Tuesday, October 23, 2007

Julie West Interiew with Blah Blah Gallery

In ‘05 Blah Blah Gallery turned you on to a rising master of flat art, Julie West. Back then she was very good but lately she has turned up the heat: working her flat magic in 3 dimensional form. Intrigued by this move and wowed by her latest work we decided to toss Julie a few questions.

INTERVIEW (by Richard Mullins) Aired February 2007
I wasn't able to find much biographical information for you. Where and when were you born and where in the world is your studio located?
I was born November 3rd, 1975 in Peoria, Illinois where I lived until I was about 18. At that point I moved t
o Milwaukee, WI to go to the art school there... After graduation in 1998 I lived in various parts of the US until last November when I moved to England.
Your use of line weight, color and composition is very accomplished. Do you have any kind of
graphic design background?
Not particularly, I took graphic design courses in school, but I primarily took illustration and drawing / figure drawing courses. I never used a computer while I was in school, I only picked it up after recieving one for graduation. I spent a few years after graduation working as a web designer, so I probably picked up a bit out of necessity, however, my style was pretty much developed while I was still in school.
Hard edges and a very clean crisp approach are present throughout your body of work. Are you a neat freak all around or just in your work?
No, thankfully it's just in my work. If I was that way with everything it would probably drive me a bit mad. In fact, I had to spend 15 minutes just clearing away paints at my desk to get to the keyboard to do this interview. :) I'm not a super messy person, I just have lots of projects going on at once and it seems pointless to put things away until they are finished...
My work area is seriously cluttered.
On your Flickr page I see you are working with three-dimensional paper toys now (great stuff by the way.) How different is it from 2D and does it seem to be affecting your vision for the 2D work?
I'm loving it actually. I've made a few painted wooden toys as well, I've been working with someone on some vinyl toys, and I'm about to start making my own Munny for a show in March. I think it has already started changing my 2D work, in that I'm becoming a lot more decorative even with flat shapes. I never thought that my work would l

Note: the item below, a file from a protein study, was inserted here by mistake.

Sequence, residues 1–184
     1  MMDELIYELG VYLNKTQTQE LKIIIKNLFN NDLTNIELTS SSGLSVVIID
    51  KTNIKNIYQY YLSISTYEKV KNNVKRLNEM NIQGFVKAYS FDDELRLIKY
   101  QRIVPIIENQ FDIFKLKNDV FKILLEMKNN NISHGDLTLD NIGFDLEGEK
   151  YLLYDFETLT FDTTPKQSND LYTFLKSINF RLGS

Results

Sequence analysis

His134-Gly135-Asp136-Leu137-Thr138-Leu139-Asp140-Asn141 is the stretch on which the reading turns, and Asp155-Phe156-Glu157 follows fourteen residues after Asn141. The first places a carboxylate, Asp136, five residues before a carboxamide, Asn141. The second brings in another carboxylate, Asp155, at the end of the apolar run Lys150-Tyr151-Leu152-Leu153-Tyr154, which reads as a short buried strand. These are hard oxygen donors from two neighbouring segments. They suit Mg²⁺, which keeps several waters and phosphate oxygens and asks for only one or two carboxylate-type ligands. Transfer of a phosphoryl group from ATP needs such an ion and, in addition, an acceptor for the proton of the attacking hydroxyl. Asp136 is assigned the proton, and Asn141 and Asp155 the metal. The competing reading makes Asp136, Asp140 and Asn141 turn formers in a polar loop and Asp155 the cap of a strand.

end itself to 3D, it has forced me to think a bit differently. Progression is always a good thing.
I noticed your piece for the 8 Bit Show was painted on fabric. Did you silk screen the images of the figure and objects on the fabric or hand paint them?
The 8bit painting has watercolor paper glued over the top of the fabric - I then just painted directly onto that. Fabric itself would not hold up well to the technical pens that I use for my linework. I've done it a few times in the past and just realised that using paper over the top works better.
The “Happy Pants Girls” series is really well done and pretty amusing. What is he story with them?
Those images sort of stem from a variety of things that changed about my life after I moved to England. First, "Pants" in England are underpants rather than, well, pants as I used to know the term (they are trousers here.) Second, I'd been building up to the actual move here for so long that I'd been living in a weird state of transition. I had given up a great majority of my possessions and lived various places... I think those images generally represent the feelings I had of finally being here and being grounded again. You start to appreciate the little things around you, and your surroundings become "home" again.
Besides vintage greeting cards and children' books what are some influences on your artistic style?
When my style was originally developing, I was influenced a great deal by old books in general. Specifically old drafting books because all of the diagrams were hand rendered... there is something really beautiful about them. I think my line work is probably in some way connected to old architectural and engineering drawings (the thick vs. thin lines to represent various parts of an object.) I don't think that I directly drew influnece from old illustrations, but more from... the idealisitic view of the world that was portrayed in old books. Meaning - I don't look at an old illustration and think "I'd like to draw like that," more that I tend to be more fascinated with the way people viewed their world and their future. For instance old books on space exploration - related artworks tend to be a really clean and shiney view of the future with hovercrafts and robots.I think that my work has progressed on from this now however, and in a general way my influence is just human nature - The way that people react to various situations they are presented with, and the objects they surround themselves with to make themselves feel good. Can you describe your working process?
I always draw everything first, irregardless of its outcome. The drawings are usually scanned into the computer and then either traced in Adobe Illustrator, or printed out larger for paintings. I usually transfer the drawings using a lightbox to watercolor paper and then adhere the paper to various surfaces.
You seem to be exhibiting often and all over. Are there any exciting future projects you can tell us about?
I have a number of small group shows coming up over the next few months,then in August I will be showing a lot of my new work at DVA gallery in Chicago. I usually keep track of upcoming events on my myspace page and on my website: www.myspace.com/26_red www.juliewest.com-END

1 comment:

Chris Battle said...

Good read! Funny, I just assumed she was English all this time.